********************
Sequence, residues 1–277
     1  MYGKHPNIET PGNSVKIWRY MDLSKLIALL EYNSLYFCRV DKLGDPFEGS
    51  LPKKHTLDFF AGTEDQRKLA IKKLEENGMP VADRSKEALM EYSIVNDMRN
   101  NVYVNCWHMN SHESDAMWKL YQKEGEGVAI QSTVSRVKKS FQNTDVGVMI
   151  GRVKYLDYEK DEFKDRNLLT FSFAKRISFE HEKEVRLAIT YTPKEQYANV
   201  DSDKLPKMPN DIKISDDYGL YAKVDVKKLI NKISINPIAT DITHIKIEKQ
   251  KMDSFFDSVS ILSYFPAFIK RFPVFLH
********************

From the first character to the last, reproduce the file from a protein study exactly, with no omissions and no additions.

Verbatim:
Sequence, residues 1–277
     1  MYGKHPNIET PGNSVKIWRY MDLSKLIALL EYNSLYFCRV DKLGDPFEGS
    51  LPKKHTLDFF AGTEDQRKLA IKKLEENGMP VADRSKEALM EYSIVNDMRN
   101  NVYVNCWHMN SHESDAMWKL YQKEGEGVAI QSTVSRVKKS FQNTDVGVMI
   151  GRVKYLDYEK DEFKDRNLLT FSFAKRISFE HEKEVRLAIT YTPKEQYANV
   201  DSDKLPKMPN DIKISDDYGL YAKVDVKKLI NKISINPIAT DITHIKIEKQ
   251  KMDSFFDSVS ILSYFPAFIK RFPVFLH